But you know what? The Yankees have the fifth worst (84 wRC+) left field offensive production in all of baseball. So much of staying afloat through rough times is about getting average – not terrible – production. This team could very desperately use an average switch hitter who is a good, reliable defensive outfielder. Sounds a bit like what we were all hoping Oswaldo Cabrera would be.

All that said, and I haven’t even addressed Carlson’s potential in Yankee Stadium. We’ve seen it with lefty bats such as Andrew Benintendi, Jake Bauers, and even Billy McKinney, but there is a real knack for helping lefties get more lift in their profile to cater to the favorable dimensions in right field. Like Benintendi, Carlson is not a basher. He has middling exit velocities and only a .364 xwOBACON. However, he is a career .312 hitter with a 140 wRC+ from the right side. The physical abilities are there, but the team needs to help him get that same lift from the left side as he can with the right.

As seen in the clip above, Carlson definitely has the ability, but this year, he is running a 53.1-percent ground-ball rate as a lefty. That is not good and not sustainable for a hitter who doesn’t hit the ball all that hard.

When we zero in on pull-side batted balls as a lefty, it gets even more sad. On the year, he has 46 pulled batted balls as a left handed hitter. That is a little over a third of all his lefty batted balls – a fine rate. The issue here is that only four (8.7 percent) of these batted balls can be categorized as fly balls. As a not-so-hard hitter, you have to hit the ball in the air to the pull side (or oppo, but that is significantly more difficult). Funny enough, two of his four fly balls to the pull side as a lefty have left the park! Both were hit over 101 mph and with launch angles between 30 and 38.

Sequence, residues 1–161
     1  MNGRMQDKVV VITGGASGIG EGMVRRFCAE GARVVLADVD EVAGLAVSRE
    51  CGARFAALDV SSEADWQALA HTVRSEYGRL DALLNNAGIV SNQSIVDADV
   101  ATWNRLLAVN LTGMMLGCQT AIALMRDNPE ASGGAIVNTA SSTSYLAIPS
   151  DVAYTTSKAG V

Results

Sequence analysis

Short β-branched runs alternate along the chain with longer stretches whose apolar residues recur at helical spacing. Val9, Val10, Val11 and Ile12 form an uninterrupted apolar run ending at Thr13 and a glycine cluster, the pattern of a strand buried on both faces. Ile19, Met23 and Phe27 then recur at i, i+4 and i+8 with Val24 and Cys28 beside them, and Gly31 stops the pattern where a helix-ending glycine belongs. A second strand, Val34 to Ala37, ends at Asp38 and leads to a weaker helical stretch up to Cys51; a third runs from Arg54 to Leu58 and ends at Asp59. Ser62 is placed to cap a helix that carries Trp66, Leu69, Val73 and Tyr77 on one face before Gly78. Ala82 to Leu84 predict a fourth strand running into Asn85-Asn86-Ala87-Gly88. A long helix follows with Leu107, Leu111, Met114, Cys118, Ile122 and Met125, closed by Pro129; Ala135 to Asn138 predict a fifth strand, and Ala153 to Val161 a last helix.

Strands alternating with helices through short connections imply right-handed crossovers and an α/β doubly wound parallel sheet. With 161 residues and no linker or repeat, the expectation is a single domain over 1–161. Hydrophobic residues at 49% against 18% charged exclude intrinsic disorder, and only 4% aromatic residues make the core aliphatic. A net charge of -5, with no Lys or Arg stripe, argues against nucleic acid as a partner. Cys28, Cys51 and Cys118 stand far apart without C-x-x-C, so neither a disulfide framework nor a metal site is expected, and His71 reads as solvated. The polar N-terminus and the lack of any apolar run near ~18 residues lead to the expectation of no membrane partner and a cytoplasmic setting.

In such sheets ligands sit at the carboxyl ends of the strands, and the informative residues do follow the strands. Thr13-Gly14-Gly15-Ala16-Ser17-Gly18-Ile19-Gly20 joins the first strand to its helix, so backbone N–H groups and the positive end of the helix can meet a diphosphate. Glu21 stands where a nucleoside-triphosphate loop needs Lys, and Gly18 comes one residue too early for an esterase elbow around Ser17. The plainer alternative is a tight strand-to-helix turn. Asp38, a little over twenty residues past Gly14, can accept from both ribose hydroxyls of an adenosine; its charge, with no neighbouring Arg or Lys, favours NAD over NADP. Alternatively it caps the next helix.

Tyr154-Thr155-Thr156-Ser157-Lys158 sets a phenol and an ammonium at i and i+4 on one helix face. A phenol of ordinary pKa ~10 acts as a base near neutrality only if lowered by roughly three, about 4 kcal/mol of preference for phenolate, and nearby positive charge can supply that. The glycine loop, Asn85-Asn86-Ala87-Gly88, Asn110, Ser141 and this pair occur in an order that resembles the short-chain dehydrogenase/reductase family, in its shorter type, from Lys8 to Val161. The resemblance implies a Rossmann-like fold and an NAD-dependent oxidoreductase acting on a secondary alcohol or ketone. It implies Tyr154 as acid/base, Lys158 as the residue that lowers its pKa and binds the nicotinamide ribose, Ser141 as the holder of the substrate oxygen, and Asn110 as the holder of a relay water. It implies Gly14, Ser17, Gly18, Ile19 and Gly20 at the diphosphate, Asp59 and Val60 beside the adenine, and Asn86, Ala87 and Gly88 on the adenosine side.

Any team that can help Carlson get this back into his game will reap the rewards. As a comparison, when Carlson had a good rookie season, 16 percent of his pull-side batted balls were hit in the air. That is pretty much the difference between being average and about 10 percent better than average. There are other hitters in the game who get by with this approach, including Isaac Paredes of the Rays. He has 16 home runs on the season despite a 19th percentile average exit velocity. He pulls the ball in the air down the line consistently, and it works for him. It’s a combination of picking the right pitch and having a bat path catered to it.

Now, whether the Yankees believe this is something Carlson can fix on the fly is another story, but if there is confidence there, then it’s more than worth a shot. The team has depth in the middle infield in the minors in addition to their carousel of great minor league pitching development. The Cardinals could access both to retool for next year while not losing a key piece of their outfield. And at worst, even if Carlson can’t make this adjustment, the Yankees have themselves an average player. That is something that would be of great benefit to them! We’ll see what happens, but I’m on board with bringing in another Cardinals’ outfielder at the deadline.